Clapham and the Norber Erratics

I was out with Crosby Rambling Club and joined the ‘B’ party on the walk led by David Lewis.

The weather forecast said “Changeable” and it certainly was. We had wind, rain, hail and the occasional sunny spell resulting in rainbows. It produced some dramatic lighting.

We headed northwards above Clapham Beck, passing opposite Ingleborough Cave and Trow Gill.

The first shower swept in producing a lovely rainbow. In the distance Ingleborough stood out on the skyline looking quite menacing with cloud hanging over the top.

We crossed the limestone bluff of Long Scar to reach Suber Gate at the head of Crummack Dale where we stopped for lunch sheltering behind the wall. In the distance we could see the ‘A ‘party making their way over Moughton Scar.

Moughton Scar

Panoramic view of Moughton Scar.

The rain had stopped and we could appreciate the views of the scar and learn a little bit about geology.

We descended carefully to  Moughton Scar and made our way across the limestone pavement of Thieves Moss towards Beggar’s stile.

It was then easy walking down Crummack Dale before we turned west to cross below Robin Proctor Scar. A short detour led us to the Norber Erratics.

These large boulders cover the hillside above Nappa Scar. They are composed of dark grey Silurian gritstone and stand out in sharp contrast to the native white limestone bedrock. They originated at a lower level in Crummack Dale where the Silurian rock bed breaches the surface, and were transported to their present position by a glacier during the last ice age. When the ice retreated they were left on the limestone bed. Since then some of the limestone bed has been dissolved so that some of the boulders now stand on short pedestals. It has been calculated that the limestone has dissolved at a rate of 5 cm per 1000 years so by measuring the height of the pedestals you can calculate how long they have been there. Give a year or two.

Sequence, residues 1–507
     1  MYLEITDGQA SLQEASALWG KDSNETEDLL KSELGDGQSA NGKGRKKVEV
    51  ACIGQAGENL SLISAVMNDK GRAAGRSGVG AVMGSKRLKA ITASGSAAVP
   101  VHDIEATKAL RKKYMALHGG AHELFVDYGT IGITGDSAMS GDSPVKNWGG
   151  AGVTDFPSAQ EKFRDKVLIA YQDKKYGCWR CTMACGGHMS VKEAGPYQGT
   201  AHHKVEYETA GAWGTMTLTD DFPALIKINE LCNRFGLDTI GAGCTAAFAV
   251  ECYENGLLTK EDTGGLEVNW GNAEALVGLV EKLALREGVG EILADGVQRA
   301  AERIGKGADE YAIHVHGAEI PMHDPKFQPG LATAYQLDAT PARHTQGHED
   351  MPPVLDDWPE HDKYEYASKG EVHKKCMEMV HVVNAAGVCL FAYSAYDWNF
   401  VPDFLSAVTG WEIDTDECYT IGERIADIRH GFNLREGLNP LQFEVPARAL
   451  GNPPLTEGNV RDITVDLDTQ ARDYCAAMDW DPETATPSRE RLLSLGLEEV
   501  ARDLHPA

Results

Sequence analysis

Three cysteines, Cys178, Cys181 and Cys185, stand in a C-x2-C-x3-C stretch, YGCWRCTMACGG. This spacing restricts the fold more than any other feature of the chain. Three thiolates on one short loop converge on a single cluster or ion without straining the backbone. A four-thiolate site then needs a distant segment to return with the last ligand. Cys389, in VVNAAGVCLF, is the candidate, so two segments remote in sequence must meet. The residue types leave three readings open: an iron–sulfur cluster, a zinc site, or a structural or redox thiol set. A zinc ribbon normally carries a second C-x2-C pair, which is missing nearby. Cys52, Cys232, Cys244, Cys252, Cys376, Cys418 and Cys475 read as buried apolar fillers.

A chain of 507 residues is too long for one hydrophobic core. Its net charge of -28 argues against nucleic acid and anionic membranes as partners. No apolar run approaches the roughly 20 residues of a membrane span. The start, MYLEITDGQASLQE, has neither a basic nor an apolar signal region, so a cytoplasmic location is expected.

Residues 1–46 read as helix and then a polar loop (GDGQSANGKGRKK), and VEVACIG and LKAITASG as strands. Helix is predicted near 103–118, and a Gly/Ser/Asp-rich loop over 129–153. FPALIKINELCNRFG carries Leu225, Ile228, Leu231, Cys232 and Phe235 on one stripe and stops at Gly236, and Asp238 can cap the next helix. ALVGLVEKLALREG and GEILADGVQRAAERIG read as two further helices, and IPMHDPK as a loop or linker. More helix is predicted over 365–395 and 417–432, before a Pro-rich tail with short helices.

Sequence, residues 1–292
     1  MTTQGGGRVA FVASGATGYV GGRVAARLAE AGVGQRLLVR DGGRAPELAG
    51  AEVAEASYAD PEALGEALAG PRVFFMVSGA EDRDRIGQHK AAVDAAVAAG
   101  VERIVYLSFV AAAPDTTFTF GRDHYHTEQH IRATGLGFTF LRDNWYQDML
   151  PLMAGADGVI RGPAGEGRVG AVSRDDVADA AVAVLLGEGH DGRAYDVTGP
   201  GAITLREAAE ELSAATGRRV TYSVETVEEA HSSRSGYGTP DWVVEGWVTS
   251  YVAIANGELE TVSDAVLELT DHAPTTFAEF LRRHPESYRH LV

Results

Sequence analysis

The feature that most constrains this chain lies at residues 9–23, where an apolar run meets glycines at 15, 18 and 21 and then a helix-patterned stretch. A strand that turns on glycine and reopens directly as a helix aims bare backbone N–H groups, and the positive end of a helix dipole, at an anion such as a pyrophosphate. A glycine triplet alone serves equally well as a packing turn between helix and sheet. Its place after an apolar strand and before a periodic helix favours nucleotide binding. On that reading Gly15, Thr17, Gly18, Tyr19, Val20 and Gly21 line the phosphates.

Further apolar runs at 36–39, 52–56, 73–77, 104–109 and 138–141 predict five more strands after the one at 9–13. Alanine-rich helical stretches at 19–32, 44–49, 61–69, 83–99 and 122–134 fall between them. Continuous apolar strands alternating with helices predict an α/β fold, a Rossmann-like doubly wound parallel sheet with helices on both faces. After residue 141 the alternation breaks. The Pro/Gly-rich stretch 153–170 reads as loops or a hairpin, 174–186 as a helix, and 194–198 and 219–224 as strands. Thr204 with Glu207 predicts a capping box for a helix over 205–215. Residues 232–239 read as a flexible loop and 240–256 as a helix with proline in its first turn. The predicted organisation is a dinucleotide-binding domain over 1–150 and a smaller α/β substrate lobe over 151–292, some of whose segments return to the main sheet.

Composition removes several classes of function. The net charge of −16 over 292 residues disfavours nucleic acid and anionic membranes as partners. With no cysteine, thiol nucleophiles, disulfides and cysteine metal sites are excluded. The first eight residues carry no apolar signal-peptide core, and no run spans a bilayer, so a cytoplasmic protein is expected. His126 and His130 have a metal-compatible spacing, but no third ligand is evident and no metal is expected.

The Norber Erratic's

Finally we joined Thwaite Lane, a walled green lane that took us back to Clapham.

Here we joined some of the ‘A’ party in the bunkhouse next to the car park. A bar, a wood burning stove and a choice of three real ales. This was the place to be. The Hobgoblin, brewed by Wychwood Brewery and the unofficial beer of Halloween was superb.

9 miles of good walking.


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